14. The reason why ordinarily a writ petition should not be entertained against a mere show-cause notice or charge-sheet is that at that stage the writ petition may be held to be premature. A mere charge- sheet or show-cause notice does not give rise to any cause of action, because it does not amount to an adverse order which affects the rights of any party unless the same has been issued by a person having no jurisdiction to do so. It is quite possible that after considering the reply to the show-cause notice or after holding an enquiry the authority concerned may drop the proceedings and/or hold that the charges are not established. It is well settled that a writ petition lies when some right of any party is infringed. A mere show-cause notice or charge-sheet does not infringe the right of anyone. It is only when a final order imposing some punishment or otherwise adversely affecting a party is passed, that the said party can be said to have any grievance.

15. Writ jurisdiction is discretionary jurisdiction and hence such discretion under Article 226 should not ordinarily be exercised by quashing a show-cause notice or charge-sheet.

16. No doubt, in some very rare and exceptional cases the High Court can quash a charge-sheet or show-cause notice if it is found to be wholly without jurisdiction or for some other reason if it is wholly illegal. However, ordinarily the High Court should not interfere in such a matter.”

16. In the present cases, as noticed above, there are factual disputes which have to be thrashed out in addition to interpretation of provisions. We do not see any reason why we should entertain Writ Petition (C) Nos. 7773/2010 & 7774/2010 against show cause notice. It may be noted that in these two writ petitions no circular or letter issued by the Ministry of Finance, Department of Revenue, has been challenged or questioned. For the sake of convenience, the prayer clause in Writ Petition (Civil) No. 7773/2010 is reproduced :-

“A) issue a Writ of certiorari/mandamus or any other appropriate Writ/order/direction by quashing the impugned show cause notice dated 11.10.2010 issued by the Respondent No. 3 (Annexure P-1);

B) tagged the present petition with the earlier Writ Petition (C) No. 9394/2009 filed by the present Petitioner, to consider the prayer made therein to declare that the ship broking activity of the Petitioner is not liable to tax under Chapter V of Finance Act, 1994;

C) issue such other writ/order/direction and further orders as the Hon’ble Court may deem just and proper in the facts and circumstances of the case.”

17. As noticed above, while issuing notice in the Writ Petition (Civil) No. 9394/2009, it was directed that the assessment order will not be given effect to without leave of the court. Similar interim order has been passed in the Writ Petition (Civil) No. 12228/2009 and the Writ Petition (Civil) Nos. 7773/2010 and 7774/2010.

18. Petitioners in Writ Petition (Civil) Nos. 9394/2009 and 12228/2009 are required to file an appeal before the Appellate Tribunal. The appellants are given liberty to file appeal within a period of 30 days of receipt of copy of this order. In case the appeal is filed within the said period, the same will not be dismissed/rejected on the ground that they have been filed beyond the period of limitation. The Tribunal will expeditiously hear the appeals and preferably decide the issues involved within a period of six months from the date of filing of the appeals. The interim order passed by this Court will continue till the appeals filed by the petitioners are decided by the Tribunal. In case the petitioners delay the proceedings or ask for adjournments, learned Tribunal will be entitled to modify or even vacate the stay order.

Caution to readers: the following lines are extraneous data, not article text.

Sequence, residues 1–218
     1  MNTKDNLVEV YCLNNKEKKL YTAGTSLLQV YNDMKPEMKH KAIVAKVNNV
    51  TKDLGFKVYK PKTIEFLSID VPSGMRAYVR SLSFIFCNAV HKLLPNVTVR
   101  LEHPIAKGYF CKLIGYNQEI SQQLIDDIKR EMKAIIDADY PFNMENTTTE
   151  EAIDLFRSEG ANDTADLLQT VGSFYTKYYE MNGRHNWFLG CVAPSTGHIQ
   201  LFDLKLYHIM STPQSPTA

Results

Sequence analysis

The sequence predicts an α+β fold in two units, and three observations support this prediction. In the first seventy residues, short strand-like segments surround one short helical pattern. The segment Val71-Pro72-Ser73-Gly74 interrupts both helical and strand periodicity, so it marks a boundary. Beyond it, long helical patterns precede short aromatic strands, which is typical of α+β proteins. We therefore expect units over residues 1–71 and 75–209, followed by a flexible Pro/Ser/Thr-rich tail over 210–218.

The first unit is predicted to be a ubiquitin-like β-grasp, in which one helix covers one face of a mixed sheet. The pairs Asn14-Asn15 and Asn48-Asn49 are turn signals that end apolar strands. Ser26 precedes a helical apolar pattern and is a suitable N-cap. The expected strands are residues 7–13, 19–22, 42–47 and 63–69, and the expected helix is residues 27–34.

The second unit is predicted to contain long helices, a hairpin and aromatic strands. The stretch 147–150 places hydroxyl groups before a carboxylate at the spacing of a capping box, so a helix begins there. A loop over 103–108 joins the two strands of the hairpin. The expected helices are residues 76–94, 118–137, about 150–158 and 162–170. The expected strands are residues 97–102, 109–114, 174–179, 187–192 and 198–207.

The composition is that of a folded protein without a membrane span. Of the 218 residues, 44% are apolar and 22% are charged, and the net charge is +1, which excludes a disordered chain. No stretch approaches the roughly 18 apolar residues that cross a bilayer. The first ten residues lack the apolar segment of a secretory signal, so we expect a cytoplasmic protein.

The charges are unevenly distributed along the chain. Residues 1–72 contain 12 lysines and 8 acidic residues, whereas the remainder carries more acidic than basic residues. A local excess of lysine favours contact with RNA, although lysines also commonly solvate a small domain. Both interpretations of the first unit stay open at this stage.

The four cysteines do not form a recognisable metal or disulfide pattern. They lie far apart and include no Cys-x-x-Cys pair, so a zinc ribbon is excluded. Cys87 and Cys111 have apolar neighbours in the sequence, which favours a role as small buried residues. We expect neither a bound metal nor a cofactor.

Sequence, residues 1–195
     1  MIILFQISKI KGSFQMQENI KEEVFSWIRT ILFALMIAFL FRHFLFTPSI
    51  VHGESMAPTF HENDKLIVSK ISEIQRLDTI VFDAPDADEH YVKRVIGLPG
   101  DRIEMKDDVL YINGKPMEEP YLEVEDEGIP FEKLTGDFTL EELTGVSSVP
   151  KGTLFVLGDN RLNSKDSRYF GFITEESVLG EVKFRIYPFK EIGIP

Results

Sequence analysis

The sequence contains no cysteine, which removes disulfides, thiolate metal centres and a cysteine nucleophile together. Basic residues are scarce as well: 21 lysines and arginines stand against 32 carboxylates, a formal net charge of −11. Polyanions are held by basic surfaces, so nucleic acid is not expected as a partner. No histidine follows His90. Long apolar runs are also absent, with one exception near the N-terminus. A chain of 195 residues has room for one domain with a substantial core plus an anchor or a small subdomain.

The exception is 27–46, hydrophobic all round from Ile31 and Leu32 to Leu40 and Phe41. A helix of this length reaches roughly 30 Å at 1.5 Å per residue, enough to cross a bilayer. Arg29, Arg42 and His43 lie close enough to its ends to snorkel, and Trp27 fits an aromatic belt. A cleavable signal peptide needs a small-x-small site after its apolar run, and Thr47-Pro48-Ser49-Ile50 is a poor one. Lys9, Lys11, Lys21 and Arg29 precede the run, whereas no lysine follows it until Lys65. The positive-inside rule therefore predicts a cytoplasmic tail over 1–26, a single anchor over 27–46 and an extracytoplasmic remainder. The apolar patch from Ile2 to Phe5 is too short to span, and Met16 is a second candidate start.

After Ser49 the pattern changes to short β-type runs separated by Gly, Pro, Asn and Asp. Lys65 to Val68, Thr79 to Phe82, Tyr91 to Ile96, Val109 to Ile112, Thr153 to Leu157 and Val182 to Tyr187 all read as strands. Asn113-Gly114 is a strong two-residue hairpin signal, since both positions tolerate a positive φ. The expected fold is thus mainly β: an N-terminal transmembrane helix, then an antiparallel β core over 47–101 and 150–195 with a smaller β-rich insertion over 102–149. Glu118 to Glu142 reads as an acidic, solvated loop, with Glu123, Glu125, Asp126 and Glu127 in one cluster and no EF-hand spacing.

19. In W.P.(C) No. 7773/2010 and 7774/2010, the interim order is modified to the extent that the assessment order, if passed, will not be given effect to for a period of one month from the date it is communicated to the petitioners to enable them to approach the Tribunal. It will be thereafter open to the Tribunal to decide the application for stay. At that stage, the Tribunal will take into account decision, if any, in the case of Inter ocean Shipping (I) Pvt. Ltd. And Inter ocean shipping Company and in case the appeals filed by them have not been decided, the application for stay will be decided keeping in mind the stay granted in the connected matters.

20. We have continued with the interim orders as WP(C) Nos. 9394/2009 and 12228/2009 have remained pending in this court for more than 18 months and we do accept and recognize that the questions raised require consideration and examination. Service tax has been recently imposed and in the present cases, there is a dispute about the interpretation of provisions relating to ‘business auxiliary services’ as well as the factual matrix. Though letter dated 19th December, 2008 was written by the Ministry of Finance, Department of Revenue, after the petitioners had asked for their intervention, it is the case of the petitioners that the opinion expressed in the letter foreclosed their defence and has prevented independent and fair application of mind by the adjudicating authority. The question with regard to interpretation of Export of Service Rules, 2005 is also involved.

21. The writ petitions are accordingly disposed of. There will be no orders as to costs. It is clarified that this court has not expressed any opinion on merits of the case of either side. Any observation on merits made above will not be binding on the Tribunal.

(SANJIV KHANNA)

JUDGE

(DIPAK MISRA)

CHIEF JUSTICE

MARCH 3, 2011